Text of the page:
Copyright 2007 by William C. Cotter


Heidi said...

In almost total agreement with all that has been said on P.P.B.'s magnificent blogs--including most recent position on Ms. Flannery O'Connor. Never shall I not think of john wesley and June Star when riding down just the ride deserted pine road; hating their lazy bratty slobiness but--hating that they must be killed, all the same (although they must). BUT--although I have no interest in reading his novels--I do believe there was ONE other Georgia writer I feel also deserving of serious consideration--thought a true PRICK by most accords, his writing must stand on its own, and SOME of the writing, I believe was up there with the best (early POEMS, to be sure) & so I offer up for consideration James Dickey, writer of poetry, at least, this being one such example, for evidence:

The Heaven of Animals

Here they are. The soft eyes open.
If they have lived in a wood
It is a wood.
If they have lived on plains
It is grass rolling
Under their feet forever.

Having no souls, they have come,
Anyway, beyond their knowing.
Their instincts wholly bloom
And they rise.
The soft eyes open.

To match them, the landscape flowers,
Outdoing, desperately
Outdoing what is required:
The richest wood,
The deepest field.

For some of these,
It could not be the place
It is, without blood.
These hunt, as they have done,
But with claws and teeth grown perfect,

More deadly than they can believe.
They stalk more silently,
And crouch on the limbs of trees,
And their descent
Upon the bright backs of their prey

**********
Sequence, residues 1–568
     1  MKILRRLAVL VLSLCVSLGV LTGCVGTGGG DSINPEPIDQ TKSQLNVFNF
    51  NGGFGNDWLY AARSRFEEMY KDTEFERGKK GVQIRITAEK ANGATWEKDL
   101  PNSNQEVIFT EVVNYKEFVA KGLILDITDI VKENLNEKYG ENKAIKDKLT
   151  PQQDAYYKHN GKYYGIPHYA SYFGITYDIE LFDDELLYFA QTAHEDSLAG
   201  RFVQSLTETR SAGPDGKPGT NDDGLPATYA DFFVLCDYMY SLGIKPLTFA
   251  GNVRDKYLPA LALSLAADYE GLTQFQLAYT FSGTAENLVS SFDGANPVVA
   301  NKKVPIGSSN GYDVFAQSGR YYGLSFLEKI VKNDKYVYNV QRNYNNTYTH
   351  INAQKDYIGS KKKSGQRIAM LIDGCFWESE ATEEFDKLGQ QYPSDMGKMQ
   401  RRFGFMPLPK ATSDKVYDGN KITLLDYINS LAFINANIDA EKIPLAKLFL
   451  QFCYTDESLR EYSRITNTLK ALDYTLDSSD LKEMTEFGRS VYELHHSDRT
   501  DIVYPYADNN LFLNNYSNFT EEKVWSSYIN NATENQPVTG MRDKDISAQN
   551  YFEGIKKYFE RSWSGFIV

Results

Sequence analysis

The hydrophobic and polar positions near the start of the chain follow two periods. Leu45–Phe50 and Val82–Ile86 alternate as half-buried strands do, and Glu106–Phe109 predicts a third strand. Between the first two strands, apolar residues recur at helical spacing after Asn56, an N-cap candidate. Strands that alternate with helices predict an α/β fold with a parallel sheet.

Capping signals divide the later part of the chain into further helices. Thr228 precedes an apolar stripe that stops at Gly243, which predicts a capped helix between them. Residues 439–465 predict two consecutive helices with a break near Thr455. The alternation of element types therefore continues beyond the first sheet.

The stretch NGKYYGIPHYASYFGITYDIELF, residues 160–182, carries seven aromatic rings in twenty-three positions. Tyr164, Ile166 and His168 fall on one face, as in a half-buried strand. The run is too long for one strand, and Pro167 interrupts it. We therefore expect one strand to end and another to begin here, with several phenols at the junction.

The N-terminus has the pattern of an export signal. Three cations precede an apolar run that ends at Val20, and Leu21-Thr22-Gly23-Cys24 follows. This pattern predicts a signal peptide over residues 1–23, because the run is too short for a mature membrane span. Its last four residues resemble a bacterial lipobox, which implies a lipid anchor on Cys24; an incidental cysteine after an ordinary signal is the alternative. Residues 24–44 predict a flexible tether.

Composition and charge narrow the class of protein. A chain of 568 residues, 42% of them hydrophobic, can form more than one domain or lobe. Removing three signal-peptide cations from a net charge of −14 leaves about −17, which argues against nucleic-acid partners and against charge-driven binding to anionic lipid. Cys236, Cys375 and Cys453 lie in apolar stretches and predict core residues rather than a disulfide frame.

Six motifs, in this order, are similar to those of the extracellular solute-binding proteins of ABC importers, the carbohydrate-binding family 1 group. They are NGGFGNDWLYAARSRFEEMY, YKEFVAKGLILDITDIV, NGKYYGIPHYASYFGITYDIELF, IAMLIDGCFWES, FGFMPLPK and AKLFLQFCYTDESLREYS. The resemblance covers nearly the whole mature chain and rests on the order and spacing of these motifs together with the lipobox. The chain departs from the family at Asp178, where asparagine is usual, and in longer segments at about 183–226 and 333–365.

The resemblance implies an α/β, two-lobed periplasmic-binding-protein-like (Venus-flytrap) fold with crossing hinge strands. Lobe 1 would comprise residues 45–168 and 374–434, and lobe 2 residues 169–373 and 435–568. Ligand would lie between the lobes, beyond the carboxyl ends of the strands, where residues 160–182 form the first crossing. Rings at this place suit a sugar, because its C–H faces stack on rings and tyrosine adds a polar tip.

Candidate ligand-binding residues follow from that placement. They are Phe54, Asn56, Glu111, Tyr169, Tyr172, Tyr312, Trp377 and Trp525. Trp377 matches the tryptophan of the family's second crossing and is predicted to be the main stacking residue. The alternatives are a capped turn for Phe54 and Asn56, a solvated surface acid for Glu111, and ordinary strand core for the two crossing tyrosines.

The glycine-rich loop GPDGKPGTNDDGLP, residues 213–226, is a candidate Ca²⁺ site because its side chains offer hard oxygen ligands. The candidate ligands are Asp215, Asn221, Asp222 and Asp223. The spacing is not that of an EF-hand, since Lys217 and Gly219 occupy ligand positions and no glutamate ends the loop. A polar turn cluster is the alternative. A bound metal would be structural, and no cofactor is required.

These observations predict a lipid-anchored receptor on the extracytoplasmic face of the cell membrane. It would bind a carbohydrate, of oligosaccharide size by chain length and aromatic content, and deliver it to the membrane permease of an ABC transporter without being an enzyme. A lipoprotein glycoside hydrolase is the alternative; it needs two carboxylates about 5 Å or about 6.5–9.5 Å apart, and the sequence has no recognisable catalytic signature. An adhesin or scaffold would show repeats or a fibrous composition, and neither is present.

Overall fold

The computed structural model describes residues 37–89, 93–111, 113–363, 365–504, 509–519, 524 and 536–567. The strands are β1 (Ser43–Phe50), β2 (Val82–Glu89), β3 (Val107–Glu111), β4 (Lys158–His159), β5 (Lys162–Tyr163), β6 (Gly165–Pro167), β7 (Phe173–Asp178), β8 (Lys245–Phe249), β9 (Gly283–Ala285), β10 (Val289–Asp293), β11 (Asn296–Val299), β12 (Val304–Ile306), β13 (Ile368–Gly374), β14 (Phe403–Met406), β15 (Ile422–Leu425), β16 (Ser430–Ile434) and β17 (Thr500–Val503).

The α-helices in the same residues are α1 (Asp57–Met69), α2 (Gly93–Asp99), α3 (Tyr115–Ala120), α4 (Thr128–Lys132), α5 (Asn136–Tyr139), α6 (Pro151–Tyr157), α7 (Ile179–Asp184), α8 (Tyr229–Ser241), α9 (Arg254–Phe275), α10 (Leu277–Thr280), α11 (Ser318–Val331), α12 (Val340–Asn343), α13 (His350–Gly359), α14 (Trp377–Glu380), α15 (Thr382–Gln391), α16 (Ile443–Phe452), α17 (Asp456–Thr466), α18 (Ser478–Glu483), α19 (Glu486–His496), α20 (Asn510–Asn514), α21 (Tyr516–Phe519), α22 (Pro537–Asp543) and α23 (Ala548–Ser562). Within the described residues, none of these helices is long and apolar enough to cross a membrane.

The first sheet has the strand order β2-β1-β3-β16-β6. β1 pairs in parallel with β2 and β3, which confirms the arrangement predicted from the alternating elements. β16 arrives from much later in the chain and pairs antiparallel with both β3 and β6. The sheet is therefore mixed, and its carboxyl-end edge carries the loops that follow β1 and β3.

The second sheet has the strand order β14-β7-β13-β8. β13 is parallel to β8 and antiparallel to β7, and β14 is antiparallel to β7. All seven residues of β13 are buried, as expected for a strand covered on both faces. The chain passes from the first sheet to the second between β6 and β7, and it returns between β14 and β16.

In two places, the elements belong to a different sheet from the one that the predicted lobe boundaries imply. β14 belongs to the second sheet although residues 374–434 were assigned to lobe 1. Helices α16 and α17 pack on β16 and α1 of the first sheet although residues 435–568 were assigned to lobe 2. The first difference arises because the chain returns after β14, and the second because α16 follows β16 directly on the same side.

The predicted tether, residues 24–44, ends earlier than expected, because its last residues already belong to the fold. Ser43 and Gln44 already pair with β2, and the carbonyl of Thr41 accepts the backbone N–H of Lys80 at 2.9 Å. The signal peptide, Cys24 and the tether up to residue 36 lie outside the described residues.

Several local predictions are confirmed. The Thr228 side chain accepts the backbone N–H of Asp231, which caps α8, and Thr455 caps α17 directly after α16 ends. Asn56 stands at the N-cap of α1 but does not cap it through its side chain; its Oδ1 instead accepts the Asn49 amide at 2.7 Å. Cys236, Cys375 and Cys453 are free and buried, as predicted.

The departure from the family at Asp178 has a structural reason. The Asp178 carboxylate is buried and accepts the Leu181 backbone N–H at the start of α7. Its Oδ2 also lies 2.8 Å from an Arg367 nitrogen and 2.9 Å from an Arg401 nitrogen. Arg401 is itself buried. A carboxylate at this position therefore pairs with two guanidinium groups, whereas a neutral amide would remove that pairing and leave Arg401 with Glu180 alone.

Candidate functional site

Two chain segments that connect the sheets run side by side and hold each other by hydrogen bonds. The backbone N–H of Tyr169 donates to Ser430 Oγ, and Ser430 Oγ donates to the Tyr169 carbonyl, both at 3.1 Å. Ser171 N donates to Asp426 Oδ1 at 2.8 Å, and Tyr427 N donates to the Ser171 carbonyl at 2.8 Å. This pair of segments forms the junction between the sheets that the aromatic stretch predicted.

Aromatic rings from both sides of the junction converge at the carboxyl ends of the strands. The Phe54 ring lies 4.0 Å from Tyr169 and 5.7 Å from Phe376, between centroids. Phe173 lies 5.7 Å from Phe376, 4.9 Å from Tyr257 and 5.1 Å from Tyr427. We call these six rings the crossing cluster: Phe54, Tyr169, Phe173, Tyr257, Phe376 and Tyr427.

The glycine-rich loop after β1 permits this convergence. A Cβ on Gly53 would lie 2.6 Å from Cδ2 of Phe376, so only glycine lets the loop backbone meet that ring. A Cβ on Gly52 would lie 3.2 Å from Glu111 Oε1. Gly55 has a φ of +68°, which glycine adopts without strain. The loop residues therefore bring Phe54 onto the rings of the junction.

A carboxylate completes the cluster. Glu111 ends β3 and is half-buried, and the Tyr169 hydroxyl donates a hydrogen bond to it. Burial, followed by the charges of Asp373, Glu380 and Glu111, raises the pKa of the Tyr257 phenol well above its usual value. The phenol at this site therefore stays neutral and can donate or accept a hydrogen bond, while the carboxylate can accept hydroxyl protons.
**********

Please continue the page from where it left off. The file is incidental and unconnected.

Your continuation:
May take years
In a sovereign floating of joy.
And those that are hunted
Know this as their life,
Their reward: to walk

Under such trees in full knowledge
Of what is in glory above them,
And to feel no fear,
But acceptance, compliance.
Fulfilling themselves without pain

At the cycle’s center,
They tremble, they walk
Under the tree,
They fall, they are torn,
They rise, they walk again.

James Dickey, 1961

Paw Paw Bill said...

We gather at the roaring fireplace to warm ourselves after the winter water of the River Lesse, the chilly canoe ride through the Ardennes valley with castles high above. The country inn serves plates of pickles and cheeses and crusty breads. We recite Shakespeare and Frost and Eliot, and Rostand, and as we end a refrain, drink dark, sweet beer. It’s my dream; I’ll drink what I please. We argue about writers the way Hemingway characters talk worshipfully of The Great DiMaggio. “The Heaven of Animals” is a really fine poem, maybe Dickey’s best. Still, all in all, he’s no DiMaggio. Not in my dream, my heaven of animals who write.

annette said...

Hey, Pawpaw Bill. I think Dickey was an animal who could write. Or maybe he just wanted to be thought of that way. The heaven of animals is a fine, if modest poem. See also, "Angina". My personal memory of Dickey: At a cocktail party having felt up every woman there in the presence of his wife, then in the kitchen saying to a former roommate (male, a painter) "there we were in that rundown appartment, and all the while, in here (tapping his forehead) PURE POETRY! PURE POETRY." Well, though, he was drunk. When was he not. F. O'Connor once said in a letter she didn't read contemporary poets. They seemed to be more interested in acting like poets were supposed to act than in actually writing. As James Dickey lived his life and became drunker and even more egotistical, he wrote poems like the one about the airline stewardess falling out of the sky...some sorta metaphor for the modern woman getting down off her feminist high-horse. Puleez!Repeated intellectual forays into myth to interest academic critics. It worked. His latter work is outlandish, sensational, violent though strangely inert and ultimately boring. I think by the end of his career he thought even his farts were profound. Mainly, they just stunk.